From the ward we moved on to CEU, which was actually more stressful. We saw so many cases of cerebral malaria that I think I can actual treat cerebral malaria on my own now and guy let me just tell you if you see a child or anyone else for that matter convulse, please do not put anything in their mouth. It doesn’t help, quite frankly it could make things much worse because such things can easily get stuck in their throat and they can suffocate on that. It could kill. In CEU you meet babies that wail at the mere sight of you and others that just smile and stay still, such children are the paediatrician’s pride and joy.


I was stressed out during this posting, because there was this week when I was got home 9pm or later everyday and I just found myself depressed at some point. I don’t know why. It things like this that make me think perphaps clinical practice is really not for me.


Next was clinic, I actually enjoyed the clinics there were mostly happy kids but that’s also where we admitted a case of queried nephroblastoma, queried means we were not sure.

Nephroblastoma is the most frequent malignant renal tumor in children and is associated with an abnormal proliferation of cells that resemble the kidney cells of an embryo (metanephroma), leading to the term embryonal tumor.


He eventually died so that was sad, but to be fair he was brought in quite late and was already in a severe state, they was only so much that could be done and his parents had already given up before he passed. He was 5 and the second of a twin. The hospital is a sad place but also a happy one depending on how you want to see it.


Next, SCBU. We were there for the shortest period of time. The SEBU is a sterile environment so we weren’t allowed in with our wardcoats, bags or shoes. The commonest cases there were preterm babies and cases of neonatal jaundice. Babies are truly the most beautiful creatures in the entire universe. Looking at a baby does something to you, inside you. I’m looking forward to watching a baby being born in O&G department. But until then the kids are alright.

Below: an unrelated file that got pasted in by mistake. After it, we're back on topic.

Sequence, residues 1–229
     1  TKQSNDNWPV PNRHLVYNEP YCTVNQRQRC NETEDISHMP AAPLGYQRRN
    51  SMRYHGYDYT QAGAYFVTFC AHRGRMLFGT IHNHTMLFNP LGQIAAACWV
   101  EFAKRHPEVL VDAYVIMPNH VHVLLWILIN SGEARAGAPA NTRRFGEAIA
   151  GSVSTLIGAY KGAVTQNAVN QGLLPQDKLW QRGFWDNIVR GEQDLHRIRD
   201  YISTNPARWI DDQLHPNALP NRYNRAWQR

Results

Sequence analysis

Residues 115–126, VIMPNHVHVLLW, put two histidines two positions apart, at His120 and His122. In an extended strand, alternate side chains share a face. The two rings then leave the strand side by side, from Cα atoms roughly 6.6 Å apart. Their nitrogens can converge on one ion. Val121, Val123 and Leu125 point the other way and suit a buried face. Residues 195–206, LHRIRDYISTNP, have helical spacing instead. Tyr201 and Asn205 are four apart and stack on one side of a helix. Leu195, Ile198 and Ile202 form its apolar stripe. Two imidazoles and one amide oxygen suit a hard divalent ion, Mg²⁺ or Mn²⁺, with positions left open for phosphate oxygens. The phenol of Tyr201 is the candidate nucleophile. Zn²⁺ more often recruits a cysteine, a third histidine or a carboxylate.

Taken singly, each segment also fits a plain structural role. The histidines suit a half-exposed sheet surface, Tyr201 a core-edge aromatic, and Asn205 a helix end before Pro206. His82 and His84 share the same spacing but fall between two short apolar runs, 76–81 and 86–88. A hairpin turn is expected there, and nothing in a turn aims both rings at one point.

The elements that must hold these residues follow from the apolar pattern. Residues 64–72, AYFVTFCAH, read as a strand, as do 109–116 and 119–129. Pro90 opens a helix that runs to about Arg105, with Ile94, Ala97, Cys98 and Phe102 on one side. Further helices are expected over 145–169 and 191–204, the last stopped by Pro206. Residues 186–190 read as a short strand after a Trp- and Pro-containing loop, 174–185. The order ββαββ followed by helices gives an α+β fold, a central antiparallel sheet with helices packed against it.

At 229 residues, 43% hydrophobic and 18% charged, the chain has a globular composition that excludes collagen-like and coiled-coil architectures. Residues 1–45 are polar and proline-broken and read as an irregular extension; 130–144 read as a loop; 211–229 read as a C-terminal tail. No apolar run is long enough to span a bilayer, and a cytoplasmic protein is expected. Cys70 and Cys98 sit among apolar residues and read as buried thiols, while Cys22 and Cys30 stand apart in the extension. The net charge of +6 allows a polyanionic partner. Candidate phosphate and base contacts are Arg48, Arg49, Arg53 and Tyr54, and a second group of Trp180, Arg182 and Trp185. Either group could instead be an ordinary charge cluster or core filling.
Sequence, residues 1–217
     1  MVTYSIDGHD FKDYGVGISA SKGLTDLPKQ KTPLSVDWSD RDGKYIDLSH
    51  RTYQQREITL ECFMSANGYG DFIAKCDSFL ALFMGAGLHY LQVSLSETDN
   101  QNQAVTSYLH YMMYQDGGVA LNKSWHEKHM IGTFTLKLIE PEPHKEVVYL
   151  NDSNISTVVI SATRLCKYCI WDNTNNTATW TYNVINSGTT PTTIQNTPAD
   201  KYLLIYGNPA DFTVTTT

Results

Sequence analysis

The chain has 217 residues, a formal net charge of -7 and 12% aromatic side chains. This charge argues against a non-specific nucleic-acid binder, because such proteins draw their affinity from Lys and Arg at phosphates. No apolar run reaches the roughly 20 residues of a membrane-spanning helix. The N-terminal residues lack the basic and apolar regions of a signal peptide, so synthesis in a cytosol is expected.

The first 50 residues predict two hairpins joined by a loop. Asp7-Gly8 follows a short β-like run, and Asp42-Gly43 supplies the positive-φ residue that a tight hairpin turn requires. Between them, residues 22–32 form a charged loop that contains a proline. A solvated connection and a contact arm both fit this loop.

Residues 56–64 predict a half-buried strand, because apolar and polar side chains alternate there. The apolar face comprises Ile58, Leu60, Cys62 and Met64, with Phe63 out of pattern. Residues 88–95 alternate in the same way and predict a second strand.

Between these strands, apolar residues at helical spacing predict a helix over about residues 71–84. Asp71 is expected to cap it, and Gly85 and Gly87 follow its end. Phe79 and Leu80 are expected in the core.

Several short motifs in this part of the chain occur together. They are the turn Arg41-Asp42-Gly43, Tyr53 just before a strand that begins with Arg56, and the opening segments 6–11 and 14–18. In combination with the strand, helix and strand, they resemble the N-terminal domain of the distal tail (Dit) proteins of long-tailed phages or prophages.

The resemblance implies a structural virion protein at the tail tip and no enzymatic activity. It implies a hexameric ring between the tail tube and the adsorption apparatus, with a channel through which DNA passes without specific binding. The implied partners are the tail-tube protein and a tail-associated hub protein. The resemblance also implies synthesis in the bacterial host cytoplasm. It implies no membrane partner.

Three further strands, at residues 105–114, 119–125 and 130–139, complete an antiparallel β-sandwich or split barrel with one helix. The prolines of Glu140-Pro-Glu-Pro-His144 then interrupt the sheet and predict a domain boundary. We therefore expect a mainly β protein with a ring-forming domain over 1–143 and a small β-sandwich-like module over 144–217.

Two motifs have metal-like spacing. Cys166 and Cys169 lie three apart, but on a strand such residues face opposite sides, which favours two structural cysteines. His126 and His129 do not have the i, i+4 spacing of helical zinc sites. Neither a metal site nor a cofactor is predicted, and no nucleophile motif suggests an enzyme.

Moving to the teaching hospital in Osogbo after the Easter celebrations, I know it’s going to be more hectic so I’m taking my time to rest and prepare myself for work.


Happy Easter guys! Enjoy.

How To Survive Your First Clinical Posting

Look at me now, I’ve completed about 16+ weeks of clinical posting and I’m feeling like I’m in the perfect place to give advice on this topic. Clinical posting starts in year 4 of medical school in Nigeria and I already spent sometime in explaining it’s modalities in this article.

1. Be prepared to talk to strangers and be overly friendly.

One of the things I didn’t realize on time was how friendly I had to be. Having to smile and greet people I didn’t quite know took some time to get used to, and worst still imagine asking a man old enough to be your father how many women he sleeps with asides his wife or if he has ever had erectile dysfunction. I wish someone had told me these things, so that somehow I would have been mentally prepared. They forget to tell us that as doctors we are actually social workers too and will be required to interact with many many people, sometimes under otherwise awkward circumstances. It helps to keep the perspective that you are trying to help the patient get better.

2. Be prepared to see a lot of nakedness.

I was not ready y’all. I was telling my friend the other day that I have seem too many penises for my own good. I’m not even sure that’s the correct spelling. All I’m saying is arm yourself, be ready. We don’t just expose patient for the sake of exposing them, it is absolute necessary to do so in other to examine them properly. Of course, after some time you will become desensitized and it will mean nothing to you, but for some weeks you will feel scarred and invaded, that’s if you are anything like me though.

3. Be respectful